Understanding Rubric Grading
Sanborn Regional High School has used a competency-based grading and reporting system since 2010. During that time, teachers have used either a 100-point scale or a rubric-based scale to compute both competency and course grades for students in their classes. A rubric scale is different from a 100-point grading scale in the following ways:
With a traditional 100-point scale, all grades typically start at 100 percent and deductions are taken by the teacher for missing or incorrect components to arrive at a final percentage score. These deductions can vary from assignment to assignment and teacher to teacher, and depend on the expectations that are set for each assignment. Many students think of this system as one in which they must accumulate a certain number of points over time to reach a passing (proficient) or high (exceeding) grade.
A rubric is a chart that lists the criteria and a variety of levels that describe proficiency over the length of a course. Rubrics at Sanborn are based on four levels: Exceeding, Meeting, In Progress, and Limited Progress. With a rubric scale, a teacher determines a grade by first looking at the student work and determining which level of the rubric is the most appropriate match for that work. Teachers generally develop rubrics that are specific to the course, competency, or skill they are assessing. Students are provided with these rubrics when an assignment or task is given so that they have a clear expectation of what they need to do in order to complete the assignment or task at a proficient (or exceeding) level.
Sanborn's Grading Scales
The chart below identifies the various grades that are used to report student achievement as well as a description of what those grades mean.
Over the past few years, the school has come to understand that the rubric-based scale has produced grades that are more accurate, consistent, meaningful, and supportive of learning than grades that were produced from the 100-point scale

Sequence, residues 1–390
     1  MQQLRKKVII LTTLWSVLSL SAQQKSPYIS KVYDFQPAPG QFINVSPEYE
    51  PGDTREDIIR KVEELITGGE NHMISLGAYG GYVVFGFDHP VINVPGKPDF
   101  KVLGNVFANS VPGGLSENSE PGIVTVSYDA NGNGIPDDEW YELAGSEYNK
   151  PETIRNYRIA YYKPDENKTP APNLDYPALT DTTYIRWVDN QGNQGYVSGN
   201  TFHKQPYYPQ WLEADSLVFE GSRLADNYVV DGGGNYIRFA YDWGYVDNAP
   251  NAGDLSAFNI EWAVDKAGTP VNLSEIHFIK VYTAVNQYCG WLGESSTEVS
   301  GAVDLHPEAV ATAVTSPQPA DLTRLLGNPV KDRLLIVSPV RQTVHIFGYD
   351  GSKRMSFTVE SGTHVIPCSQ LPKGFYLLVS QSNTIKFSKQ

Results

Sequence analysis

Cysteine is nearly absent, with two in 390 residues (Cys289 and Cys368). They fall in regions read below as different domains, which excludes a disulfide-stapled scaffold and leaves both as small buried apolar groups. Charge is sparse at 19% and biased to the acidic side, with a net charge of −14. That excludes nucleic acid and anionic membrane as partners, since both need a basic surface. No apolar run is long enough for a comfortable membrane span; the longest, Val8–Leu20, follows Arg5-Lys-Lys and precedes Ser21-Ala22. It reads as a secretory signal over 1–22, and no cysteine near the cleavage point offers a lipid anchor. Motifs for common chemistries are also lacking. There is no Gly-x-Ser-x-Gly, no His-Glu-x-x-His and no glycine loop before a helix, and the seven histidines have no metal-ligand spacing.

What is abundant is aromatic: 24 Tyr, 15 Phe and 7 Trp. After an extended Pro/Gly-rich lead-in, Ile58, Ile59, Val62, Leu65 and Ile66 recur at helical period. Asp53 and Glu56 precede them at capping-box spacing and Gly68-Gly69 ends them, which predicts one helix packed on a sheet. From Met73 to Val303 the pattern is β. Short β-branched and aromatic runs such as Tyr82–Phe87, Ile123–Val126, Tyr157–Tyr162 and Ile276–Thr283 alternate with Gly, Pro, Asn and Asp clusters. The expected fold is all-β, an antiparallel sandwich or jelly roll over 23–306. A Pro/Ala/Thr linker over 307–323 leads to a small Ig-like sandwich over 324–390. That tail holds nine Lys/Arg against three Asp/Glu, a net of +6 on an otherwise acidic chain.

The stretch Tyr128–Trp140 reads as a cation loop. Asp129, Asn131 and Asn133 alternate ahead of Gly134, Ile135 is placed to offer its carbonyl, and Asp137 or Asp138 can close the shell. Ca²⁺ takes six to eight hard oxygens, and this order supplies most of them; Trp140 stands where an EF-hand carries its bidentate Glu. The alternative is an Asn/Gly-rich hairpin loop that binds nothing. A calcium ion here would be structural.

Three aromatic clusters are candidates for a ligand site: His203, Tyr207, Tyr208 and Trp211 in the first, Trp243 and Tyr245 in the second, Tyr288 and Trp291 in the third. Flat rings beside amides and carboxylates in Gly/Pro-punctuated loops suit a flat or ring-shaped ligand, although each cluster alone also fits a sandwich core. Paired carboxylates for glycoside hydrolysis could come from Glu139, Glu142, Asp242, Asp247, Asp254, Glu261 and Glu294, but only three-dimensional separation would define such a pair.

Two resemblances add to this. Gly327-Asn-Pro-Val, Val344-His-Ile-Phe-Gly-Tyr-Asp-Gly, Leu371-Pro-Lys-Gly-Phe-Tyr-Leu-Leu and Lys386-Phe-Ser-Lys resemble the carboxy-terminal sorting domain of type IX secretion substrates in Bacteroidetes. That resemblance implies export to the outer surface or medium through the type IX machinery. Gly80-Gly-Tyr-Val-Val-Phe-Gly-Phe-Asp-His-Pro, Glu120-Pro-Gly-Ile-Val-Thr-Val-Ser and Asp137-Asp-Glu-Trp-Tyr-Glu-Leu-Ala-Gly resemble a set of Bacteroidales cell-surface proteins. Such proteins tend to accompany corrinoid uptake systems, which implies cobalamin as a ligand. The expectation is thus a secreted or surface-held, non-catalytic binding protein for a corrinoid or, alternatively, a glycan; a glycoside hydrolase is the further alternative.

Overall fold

Accurate: By basing a student’s grade on academic factors, the teacher creates a clear picture of what the student has learned without the influence of other behavioral like participation, effort, attitude, or adherence to deadlines. Grades are reported separately on report cards & transcripts.
Consistent: For each unit or summative assessment, the teacher provides rubrics that describe exactly what the student will need to master. Using these rubrics establishes clear expectations for mastery up front and applies them consistently throughout the unit and the course. It also establishes clear expectations for students for what it means to reach the “exceeding” level.
Meaningful: A meaningful grade is one that clearly communicates what learning has taken place. In a competency-based course, scores are recorded by competencies rather than by assessment types (such as tests or homework), making it easier to identify areas of strength and to address areas of concern for each student.
Supportive of Learning: Competency-based grading system with rubric scales supports learning by focusing on the material that has or has not been learned rather than on accumulating points to reach a certain total. Reassessments also support student learning by allowing new levels of learning to replace old ones when a student shows improvement on an assessment.
For these reasons, the school has determined that by the beginning of the 2014-2015 school year, all courses at Sanborn Regional High School will operate under a rubric grading scale. Currently, half of the courses at SRHS already operate in this manner.